- You tend to write albums for your library, do they have specific themes/concepts?
Yes, what we want to do is write albums in every theme possible so that’s what were doing. At first it was everything to do with wildlife music and documentaries from every country, vibe and genre. Now we are developing out to TV advertising, film themes, extreme sports, title music and incidental.
- How would you differ an extreme sports piece form a wildlife documentary?
Tempo, its rocky, vibey maybe a bit grungy. Different instrumentation as well, we use all live instruments all recorded in a studio using a mixture of sampling and both software and hardware. The first time I played recorder since school on a track called ‘ See no Evil’ and that track went worldwide on Monkey Business as well.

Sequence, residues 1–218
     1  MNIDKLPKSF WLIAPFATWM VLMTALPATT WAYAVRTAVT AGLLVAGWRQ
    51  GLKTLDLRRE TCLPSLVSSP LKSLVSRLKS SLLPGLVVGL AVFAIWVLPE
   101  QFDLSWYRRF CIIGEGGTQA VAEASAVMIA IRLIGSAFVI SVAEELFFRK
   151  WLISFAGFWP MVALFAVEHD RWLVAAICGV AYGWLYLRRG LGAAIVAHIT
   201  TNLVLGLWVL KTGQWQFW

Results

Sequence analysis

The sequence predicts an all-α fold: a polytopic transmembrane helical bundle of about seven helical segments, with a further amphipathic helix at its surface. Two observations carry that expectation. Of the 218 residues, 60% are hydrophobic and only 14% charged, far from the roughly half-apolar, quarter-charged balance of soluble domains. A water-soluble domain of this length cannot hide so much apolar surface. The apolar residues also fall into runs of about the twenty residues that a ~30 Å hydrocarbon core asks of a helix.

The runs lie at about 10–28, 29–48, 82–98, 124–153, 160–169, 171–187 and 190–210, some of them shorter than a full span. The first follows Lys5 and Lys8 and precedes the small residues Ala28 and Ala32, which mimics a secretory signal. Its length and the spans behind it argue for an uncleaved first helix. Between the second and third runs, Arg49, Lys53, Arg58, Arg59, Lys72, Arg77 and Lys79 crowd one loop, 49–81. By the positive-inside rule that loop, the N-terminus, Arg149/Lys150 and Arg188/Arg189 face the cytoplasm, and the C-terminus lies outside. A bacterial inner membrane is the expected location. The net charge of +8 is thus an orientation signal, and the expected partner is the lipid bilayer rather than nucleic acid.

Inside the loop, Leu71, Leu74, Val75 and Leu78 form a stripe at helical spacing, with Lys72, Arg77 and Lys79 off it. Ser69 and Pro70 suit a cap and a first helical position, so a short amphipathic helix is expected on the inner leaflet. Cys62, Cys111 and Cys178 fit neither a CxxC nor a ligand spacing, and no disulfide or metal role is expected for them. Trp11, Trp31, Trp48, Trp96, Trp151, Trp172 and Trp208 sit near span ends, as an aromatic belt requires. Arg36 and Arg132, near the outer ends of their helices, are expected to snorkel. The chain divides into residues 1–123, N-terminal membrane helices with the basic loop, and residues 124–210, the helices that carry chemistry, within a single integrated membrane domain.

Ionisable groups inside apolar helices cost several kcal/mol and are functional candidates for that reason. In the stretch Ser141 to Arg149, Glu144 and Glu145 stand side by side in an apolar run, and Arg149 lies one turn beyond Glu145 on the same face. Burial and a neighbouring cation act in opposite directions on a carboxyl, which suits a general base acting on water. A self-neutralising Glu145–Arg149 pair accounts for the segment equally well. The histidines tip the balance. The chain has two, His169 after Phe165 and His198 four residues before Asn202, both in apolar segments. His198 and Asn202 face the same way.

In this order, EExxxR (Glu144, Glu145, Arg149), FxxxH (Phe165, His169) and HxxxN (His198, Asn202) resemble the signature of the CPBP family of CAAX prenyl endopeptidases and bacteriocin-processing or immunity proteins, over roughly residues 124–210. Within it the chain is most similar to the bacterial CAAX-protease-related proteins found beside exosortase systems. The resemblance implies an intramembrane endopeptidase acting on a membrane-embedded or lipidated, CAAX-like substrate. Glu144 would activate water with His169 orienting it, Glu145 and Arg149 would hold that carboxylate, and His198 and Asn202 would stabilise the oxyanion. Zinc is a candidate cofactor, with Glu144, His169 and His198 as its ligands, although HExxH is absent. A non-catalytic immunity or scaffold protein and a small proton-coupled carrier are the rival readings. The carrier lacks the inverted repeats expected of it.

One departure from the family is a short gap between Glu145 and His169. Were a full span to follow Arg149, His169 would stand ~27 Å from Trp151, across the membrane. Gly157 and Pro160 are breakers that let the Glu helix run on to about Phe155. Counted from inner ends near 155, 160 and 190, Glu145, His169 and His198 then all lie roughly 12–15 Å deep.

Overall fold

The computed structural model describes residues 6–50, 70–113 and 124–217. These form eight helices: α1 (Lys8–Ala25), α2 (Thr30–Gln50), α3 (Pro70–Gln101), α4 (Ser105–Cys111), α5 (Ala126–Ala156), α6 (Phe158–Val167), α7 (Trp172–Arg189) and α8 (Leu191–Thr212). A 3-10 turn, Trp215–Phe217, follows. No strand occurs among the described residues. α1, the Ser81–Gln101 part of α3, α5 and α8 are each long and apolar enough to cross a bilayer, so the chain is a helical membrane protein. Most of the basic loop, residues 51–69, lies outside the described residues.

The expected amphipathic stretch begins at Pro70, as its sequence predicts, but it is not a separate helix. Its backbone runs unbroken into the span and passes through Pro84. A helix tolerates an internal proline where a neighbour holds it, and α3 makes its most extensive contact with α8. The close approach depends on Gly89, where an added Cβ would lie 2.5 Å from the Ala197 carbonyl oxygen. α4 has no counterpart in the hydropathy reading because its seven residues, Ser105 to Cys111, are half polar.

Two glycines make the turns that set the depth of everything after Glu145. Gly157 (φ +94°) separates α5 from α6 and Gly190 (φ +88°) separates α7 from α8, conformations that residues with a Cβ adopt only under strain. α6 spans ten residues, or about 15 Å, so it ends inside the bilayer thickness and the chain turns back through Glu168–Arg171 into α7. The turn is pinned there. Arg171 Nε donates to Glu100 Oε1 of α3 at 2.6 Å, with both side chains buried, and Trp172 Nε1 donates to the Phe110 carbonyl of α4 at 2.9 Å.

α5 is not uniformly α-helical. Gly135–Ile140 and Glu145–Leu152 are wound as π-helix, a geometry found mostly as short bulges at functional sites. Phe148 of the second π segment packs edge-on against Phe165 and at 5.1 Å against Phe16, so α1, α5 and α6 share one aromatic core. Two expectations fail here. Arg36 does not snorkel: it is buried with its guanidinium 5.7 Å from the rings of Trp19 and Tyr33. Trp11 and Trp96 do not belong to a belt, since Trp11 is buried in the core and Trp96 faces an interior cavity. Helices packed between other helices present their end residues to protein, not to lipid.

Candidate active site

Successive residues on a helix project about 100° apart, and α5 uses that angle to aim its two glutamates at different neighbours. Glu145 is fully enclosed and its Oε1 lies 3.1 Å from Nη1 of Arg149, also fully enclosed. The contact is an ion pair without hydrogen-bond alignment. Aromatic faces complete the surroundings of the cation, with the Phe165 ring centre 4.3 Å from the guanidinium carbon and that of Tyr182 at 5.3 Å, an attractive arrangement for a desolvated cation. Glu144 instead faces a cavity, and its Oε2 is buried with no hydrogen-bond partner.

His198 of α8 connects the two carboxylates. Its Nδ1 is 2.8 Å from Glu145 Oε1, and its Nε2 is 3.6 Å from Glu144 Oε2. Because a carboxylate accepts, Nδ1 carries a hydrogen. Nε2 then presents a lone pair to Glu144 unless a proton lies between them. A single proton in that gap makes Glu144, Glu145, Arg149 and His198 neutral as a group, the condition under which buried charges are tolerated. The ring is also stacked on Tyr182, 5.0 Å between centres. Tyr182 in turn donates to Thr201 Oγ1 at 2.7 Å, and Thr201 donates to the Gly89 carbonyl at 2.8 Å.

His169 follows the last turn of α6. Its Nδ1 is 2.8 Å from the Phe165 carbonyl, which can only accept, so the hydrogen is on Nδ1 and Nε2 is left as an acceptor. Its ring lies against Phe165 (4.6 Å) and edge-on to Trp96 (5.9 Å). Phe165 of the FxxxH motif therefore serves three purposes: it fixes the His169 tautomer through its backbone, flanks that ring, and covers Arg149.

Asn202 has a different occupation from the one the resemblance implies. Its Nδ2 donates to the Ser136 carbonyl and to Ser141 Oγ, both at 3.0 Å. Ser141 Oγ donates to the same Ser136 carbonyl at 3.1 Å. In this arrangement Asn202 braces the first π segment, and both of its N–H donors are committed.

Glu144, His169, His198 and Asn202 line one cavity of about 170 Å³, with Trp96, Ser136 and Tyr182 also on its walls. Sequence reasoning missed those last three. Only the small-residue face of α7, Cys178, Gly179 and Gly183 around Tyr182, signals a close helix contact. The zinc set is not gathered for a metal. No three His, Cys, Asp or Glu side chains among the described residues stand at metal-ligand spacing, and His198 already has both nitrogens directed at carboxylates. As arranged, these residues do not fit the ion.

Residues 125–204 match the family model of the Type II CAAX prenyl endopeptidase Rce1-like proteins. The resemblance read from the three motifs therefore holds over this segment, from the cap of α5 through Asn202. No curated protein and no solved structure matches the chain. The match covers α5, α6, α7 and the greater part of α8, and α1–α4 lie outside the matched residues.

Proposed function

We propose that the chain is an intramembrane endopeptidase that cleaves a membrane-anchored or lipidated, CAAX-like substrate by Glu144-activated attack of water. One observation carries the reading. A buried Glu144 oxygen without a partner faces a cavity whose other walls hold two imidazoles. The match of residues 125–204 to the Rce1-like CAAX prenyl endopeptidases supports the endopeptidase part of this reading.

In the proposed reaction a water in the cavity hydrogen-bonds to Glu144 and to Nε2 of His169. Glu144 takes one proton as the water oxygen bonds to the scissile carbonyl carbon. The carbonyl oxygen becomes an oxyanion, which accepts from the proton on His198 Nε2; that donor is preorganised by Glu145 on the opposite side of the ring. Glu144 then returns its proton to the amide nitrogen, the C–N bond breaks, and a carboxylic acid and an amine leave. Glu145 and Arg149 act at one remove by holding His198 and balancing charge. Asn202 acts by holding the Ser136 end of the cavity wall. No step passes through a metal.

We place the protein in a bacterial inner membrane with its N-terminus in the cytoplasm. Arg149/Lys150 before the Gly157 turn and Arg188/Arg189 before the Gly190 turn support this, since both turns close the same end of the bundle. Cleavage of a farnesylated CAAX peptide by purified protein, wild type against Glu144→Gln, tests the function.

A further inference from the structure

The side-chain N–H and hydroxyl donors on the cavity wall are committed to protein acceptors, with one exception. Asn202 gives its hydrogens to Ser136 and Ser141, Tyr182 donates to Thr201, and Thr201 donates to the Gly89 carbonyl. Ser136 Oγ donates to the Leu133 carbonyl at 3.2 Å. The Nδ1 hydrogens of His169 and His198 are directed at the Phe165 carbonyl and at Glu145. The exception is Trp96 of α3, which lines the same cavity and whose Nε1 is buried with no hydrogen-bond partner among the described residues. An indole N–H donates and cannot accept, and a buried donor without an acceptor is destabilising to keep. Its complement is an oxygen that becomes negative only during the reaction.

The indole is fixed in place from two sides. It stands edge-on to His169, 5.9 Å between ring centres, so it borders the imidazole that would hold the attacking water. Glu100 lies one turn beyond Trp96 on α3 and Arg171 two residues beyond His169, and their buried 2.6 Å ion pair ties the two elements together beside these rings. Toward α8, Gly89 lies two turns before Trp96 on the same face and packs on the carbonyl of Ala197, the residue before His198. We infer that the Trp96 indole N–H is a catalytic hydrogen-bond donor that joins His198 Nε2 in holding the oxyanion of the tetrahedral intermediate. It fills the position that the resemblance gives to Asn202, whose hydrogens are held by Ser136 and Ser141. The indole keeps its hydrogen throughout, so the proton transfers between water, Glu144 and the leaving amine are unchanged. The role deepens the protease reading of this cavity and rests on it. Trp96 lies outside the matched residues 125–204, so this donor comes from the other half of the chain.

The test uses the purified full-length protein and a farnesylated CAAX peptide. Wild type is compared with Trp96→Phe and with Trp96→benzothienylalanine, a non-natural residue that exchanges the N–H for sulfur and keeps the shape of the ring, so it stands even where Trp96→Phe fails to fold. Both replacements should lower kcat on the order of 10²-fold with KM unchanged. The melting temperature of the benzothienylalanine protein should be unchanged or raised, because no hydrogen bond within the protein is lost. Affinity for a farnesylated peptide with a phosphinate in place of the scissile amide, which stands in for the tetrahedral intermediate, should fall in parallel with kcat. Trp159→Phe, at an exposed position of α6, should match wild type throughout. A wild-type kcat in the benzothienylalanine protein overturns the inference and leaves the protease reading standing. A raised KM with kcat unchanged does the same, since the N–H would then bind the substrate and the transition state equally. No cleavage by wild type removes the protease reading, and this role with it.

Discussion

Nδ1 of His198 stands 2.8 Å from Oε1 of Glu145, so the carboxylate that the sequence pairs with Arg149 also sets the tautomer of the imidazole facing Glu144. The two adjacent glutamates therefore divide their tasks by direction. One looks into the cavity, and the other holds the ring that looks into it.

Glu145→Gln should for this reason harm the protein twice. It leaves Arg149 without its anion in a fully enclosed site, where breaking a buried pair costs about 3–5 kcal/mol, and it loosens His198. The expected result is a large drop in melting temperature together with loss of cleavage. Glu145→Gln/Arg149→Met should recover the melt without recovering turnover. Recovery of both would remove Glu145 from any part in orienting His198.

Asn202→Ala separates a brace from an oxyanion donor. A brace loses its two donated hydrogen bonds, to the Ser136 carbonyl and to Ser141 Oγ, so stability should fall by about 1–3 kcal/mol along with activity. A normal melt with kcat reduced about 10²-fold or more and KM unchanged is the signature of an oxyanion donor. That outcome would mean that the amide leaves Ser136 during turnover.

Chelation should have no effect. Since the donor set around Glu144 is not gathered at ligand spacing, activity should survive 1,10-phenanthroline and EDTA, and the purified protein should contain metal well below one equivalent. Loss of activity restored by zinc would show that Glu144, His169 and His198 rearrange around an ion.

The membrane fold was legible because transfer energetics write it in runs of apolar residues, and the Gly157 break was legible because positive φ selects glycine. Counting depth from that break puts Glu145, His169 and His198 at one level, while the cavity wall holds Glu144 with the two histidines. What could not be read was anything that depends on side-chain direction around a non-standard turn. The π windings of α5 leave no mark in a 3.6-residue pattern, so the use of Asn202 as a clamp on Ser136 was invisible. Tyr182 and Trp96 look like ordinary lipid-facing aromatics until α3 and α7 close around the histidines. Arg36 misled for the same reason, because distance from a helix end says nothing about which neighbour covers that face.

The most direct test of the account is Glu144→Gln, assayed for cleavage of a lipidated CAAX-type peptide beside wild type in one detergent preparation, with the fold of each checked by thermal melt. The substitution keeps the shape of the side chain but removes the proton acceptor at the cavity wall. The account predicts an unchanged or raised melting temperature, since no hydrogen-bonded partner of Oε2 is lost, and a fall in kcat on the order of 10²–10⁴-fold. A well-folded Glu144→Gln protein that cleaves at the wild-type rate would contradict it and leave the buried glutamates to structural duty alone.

- Do you do different mixes of your library tracks?
Yes we did initially but now we do all those mixes and put them on a full track. If people want different bits they chop it up themselves. It takes a lot of time to that so we have stopped.
- Have you found any styles/genres to be more successful than others?
Because we landed monkey business we became specialists in that and we have 20 tracks looping around the world as we speak. We did produce a big portion of our library for wildlife documentaries. We have a very strong brand and product and now we just need to keep getting it out there. We have now moved into the advertisement for Owners Air and other adverts.